EMPIRE STATE NAIL CO. V. FAULKNER.
per cent. ad valorem, under paragraph 472 of the game aot, as "waste," or at the same rate of per cent., under section 4 of the act, as "unenumerated, unmanufactured" goods. The duty was assessed in each case under paragraph 244. The assessments were paid under protest. ' The board of genfTal appraisers affirmed the collector's rulings. The importers appealed. The circuit court affirmed the decisions of the board, and the importers prosecuted these appeals. 'Phe board of general appraisers found that the merehandise was "leaf tobacco scrap," "tobacco cuttings," and "scraps and cuttings from Havana tobacco." In the manufacture of cigars, scraps are cut or broken from the wrappers and fillings, which are put aside, not as waste, but to be used in the manufaeture of snuff, cigarettes, and cheaper cigars. This was the character of the merchandise in question. Paragraph 242 of the tobacco schedule provides that leaf tobacco suitable for cigar wrappers, if no,t stemmed, shall be subject to a duty of $2 per pound, and, if stemmed, $2.75 per pound; and paragraph 243 provides that all other tobacco in leaf, unmanufadured, ,and not stemmed, shall be ,subject to a duty of 35 cents per pound, and, if stemmed, 50 cents per pound. It will be observed that those two paragraphs embrace all leaf tobacco, both stemmed and unstemmed. Beetion 244 reads: "Tobacco, manufactured, of all des,criptions, not specially enumerated or provided for in this act, forty cents per pound." Snuff, cigars, cigarettes, and cheroots are covered by other paragraphs. It appears to have been the intention of ciOligres'S to cover by the tobacco schedule all kinds of tobacco,-manufactu['ed and unmanufactured. The scrap tobacco in question is saved as valuable merchandise. It is a known article of commerce. Paragraph 244 was doubtless intended to embrace tobacco of all deseriptions, not especially enumerated in the act. Scrap tobacco is tobacco which has been par· tially manufactured, and manufactured tobacco, of all descriptions, not elsewhere specially enumerated in the act, is covered by paragraph 244. The judgment of the circuit court is affirmed.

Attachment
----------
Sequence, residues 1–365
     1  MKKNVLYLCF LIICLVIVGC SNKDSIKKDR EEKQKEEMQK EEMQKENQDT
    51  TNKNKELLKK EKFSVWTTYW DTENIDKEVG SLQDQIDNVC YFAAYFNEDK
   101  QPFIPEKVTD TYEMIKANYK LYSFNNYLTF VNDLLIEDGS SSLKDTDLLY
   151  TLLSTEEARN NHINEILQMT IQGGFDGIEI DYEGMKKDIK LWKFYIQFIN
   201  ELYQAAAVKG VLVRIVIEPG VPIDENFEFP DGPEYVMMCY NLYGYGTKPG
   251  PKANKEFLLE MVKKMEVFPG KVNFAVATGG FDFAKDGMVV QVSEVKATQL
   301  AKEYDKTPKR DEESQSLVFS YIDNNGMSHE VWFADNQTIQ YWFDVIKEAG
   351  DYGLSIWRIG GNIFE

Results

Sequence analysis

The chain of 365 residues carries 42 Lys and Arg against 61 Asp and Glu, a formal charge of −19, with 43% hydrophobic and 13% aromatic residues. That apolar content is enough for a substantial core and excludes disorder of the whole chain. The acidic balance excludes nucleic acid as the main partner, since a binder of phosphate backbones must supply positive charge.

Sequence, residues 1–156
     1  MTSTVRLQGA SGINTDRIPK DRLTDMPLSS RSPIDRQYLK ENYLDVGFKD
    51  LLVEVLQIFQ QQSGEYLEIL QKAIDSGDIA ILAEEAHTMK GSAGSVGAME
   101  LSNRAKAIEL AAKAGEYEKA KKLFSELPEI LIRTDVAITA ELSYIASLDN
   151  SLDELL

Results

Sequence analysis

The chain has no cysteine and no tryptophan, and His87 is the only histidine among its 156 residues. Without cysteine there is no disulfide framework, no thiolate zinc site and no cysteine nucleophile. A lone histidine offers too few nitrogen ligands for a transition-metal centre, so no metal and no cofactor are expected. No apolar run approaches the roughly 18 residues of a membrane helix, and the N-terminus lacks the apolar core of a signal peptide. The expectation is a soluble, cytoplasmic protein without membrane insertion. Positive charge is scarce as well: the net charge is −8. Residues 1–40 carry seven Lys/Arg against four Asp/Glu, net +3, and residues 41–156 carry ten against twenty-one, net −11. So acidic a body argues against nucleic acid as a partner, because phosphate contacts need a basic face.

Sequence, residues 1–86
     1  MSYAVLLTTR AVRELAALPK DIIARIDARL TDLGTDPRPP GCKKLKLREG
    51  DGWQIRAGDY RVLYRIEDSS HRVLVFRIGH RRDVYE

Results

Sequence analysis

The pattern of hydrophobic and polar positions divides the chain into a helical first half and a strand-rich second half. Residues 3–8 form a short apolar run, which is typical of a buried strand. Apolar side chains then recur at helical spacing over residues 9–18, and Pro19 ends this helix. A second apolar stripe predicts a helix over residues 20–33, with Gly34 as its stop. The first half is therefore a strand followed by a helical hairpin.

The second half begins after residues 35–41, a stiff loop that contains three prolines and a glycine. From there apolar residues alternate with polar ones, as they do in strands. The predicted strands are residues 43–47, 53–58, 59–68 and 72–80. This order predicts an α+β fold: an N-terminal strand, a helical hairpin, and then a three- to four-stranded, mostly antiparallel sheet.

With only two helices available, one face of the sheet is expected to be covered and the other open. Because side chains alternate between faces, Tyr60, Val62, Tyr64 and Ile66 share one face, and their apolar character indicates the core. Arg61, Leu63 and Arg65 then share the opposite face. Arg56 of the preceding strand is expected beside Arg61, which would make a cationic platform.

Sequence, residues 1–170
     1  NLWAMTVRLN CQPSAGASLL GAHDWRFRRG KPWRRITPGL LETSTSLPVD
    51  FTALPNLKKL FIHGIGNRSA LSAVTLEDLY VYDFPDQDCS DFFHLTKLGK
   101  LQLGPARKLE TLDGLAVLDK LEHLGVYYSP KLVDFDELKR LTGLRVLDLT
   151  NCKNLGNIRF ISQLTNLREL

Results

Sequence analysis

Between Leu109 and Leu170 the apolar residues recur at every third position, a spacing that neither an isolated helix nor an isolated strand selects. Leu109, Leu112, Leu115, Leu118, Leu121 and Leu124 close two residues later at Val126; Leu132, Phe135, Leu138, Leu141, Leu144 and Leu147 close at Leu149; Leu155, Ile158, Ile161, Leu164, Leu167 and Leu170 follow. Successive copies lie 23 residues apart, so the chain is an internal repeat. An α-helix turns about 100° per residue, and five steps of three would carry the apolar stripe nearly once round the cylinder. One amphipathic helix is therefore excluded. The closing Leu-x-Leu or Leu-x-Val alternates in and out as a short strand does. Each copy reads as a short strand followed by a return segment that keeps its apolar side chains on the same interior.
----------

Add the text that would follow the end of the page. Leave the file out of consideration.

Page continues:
S'rA'fFJ XAIL co. v. FAL'LKNER et al.
(Circuit Court, S. D. New York. May 13, 1893.)
PATENTS FOR INVENTIONS-AsSIGN)[ENT-EvIDENCE-AOENCY.